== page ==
Unusual X-Rays

The blobs of blue and green in this image of the Fireworks Galaxy (NGC 6946) show the locations of extremely bright sources of X-ray light captured by the NuSTAR space observatory. They were generated by some of the most energetic processes in the universe, and the surprise appearance and rapid disappearance of the green source near the center of the galaxy is puzzling.

The primary objective of the NuSTAR observations was to study the supernova that appears as a bright blue-green spot at upper right. The green blob near the bottom of the galaxy wasn’t visible during the first NuSTAR observation, but it was burning bright at the start of a second observation 10 days later. When the Chandra X-ray Observatory later observed that the ultraluminous X-ray source, it had disappeared. The object has since been named ULX-4 because it is the fourth ULX identified in this galaxy. No visible light was detected with the X-ray source, so it’s unlikely that it is also a supernova.

A new study explores the possibility that the light came from a black hole consuming another object, such as a star. If an object gets too close to a black hole, gravity will pull the object apart, and the debris will enter a close orbit around the black hole. Material at the inner edge of the newly formed disk will move so fast that it heats up to millions of degrees and radiates X-rays. Most ULXs are typically long-lived because they’re created by a black hole, that will feed on the victim star for an extended period of time. Short-lived, or “transient,” X-ray sources like ULX-4 are rare, but a single dramatic event such as a black hole swallowing a star in one gulp might explain ULX-4.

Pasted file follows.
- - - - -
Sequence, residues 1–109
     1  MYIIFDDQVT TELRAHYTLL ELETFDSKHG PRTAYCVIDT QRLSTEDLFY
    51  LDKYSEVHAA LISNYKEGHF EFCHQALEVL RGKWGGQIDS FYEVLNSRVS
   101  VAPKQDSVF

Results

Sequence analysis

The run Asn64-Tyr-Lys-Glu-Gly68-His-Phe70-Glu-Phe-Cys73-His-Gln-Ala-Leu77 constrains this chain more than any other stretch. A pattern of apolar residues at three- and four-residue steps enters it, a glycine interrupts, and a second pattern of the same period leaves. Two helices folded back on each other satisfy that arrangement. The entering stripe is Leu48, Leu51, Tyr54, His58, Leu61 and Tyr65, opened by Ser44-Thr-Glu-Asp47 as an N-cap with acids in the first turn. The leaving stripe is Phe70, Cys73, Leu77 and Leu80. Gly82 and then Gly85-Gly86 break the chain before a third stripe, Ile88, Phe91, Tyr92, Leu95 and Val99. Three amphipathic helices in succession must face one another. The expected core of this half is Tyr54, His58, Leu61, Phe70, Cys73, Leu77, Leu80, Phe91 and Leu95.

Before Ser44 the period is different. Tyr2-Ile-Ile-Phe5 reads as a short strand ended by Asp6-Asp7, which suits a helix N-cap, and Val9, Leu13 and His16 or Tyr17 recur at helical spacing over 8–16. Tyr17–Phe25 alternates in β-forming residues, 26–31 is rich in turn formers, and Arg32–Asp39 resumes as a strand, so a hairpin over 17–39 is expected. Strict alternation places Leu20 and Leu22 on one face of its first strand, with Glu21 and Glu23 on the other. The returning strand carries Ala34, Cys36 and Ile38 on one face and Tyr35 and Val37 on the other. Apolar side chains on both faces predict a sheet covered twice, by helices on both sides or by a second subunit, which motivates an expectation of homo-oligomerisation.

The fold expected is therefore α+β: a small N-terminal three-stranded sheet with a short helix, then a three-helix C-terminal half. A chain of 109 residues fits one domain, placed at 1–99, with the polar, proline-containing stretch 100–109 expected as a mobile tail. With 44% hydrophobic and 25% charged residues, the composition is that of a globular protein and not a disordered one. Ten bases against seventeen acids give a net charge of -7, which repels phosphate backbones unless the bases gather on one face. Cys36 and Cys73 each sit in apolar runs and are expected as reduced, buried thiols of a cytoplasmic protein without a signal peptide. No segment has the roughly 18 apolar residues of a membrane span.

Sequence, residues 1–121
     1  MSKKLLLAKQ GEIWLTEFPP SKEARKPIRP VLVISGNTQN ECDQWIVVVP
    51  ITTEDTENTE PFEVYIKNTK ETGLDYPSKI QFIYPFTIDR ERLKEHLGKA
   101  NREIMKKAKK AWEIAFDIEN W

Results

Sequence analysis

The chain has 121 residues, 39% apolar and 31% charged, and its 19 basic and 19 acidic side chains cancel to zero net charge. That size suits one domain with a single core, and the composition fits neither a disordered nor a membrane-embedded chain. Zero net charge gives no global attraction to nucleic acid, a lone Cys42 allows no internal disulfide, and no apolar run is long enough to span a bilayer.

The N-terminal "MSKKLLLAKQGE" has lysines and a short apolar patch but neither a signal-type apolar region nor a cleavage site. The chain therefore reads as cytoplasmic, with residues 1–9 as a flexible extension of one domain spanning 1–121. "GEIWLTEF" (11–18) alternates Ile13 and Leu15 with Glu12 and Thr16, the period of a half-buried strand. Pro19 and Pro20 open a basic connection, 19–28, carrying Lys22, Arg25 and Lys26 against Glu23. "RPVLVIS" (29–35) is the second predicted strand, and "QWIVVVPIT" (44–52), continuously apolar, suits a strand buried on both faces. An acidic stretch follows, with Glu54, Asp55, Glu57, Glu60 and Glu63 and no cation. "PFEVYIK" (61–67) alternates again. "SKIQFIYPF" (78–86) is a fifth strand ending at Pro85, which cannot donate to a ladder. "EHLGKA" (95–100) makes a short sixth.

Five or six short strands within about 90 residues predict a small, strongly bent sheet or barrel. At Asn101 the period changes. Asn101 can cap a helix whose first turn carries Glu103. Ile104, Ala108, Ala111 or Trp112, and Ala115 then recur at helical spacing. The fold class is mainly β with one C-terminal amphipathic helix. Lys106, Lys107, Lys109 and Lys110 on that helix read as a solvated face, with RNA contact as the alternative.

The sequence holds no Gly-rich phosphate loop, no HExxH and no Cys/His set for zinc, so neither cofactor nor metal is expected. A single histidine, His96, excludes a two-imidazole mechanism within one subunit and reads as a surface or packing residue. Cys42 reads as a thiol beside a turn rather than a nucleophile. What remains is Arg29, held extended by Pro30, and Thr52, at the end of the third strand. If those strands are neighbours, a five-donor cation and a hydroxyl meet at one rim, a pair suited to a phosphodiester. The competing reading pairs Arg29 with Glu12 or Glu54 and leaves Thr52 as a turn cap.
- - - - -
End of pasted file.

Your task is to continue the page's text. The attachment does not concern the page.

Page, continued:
Image Credit: NASA

The Black Holes of the Circinus Galaxy

CircinusThe magenta spots in this image show a couple of black holes in the Circinus galaxy—the supermassive black hole at its heart and a smaller one closer to the edge. The smaller one belongs to a class of objects called ultraluminous X-ray sources, or ULXs. ULXs are black holes actively feeding off material drawn in from a partner star.

The ULX was spotted by NuSTAR which sees high-energy X-ray light. The magenta X-ray data in the image above come from the NuSTAR and are overlaid on a visible/infrared image from the Digitized Sky Survey.

The Circinus galaxy is located 13 million light-years away in the southern sky constellation Circinus.

Image Credit: NASA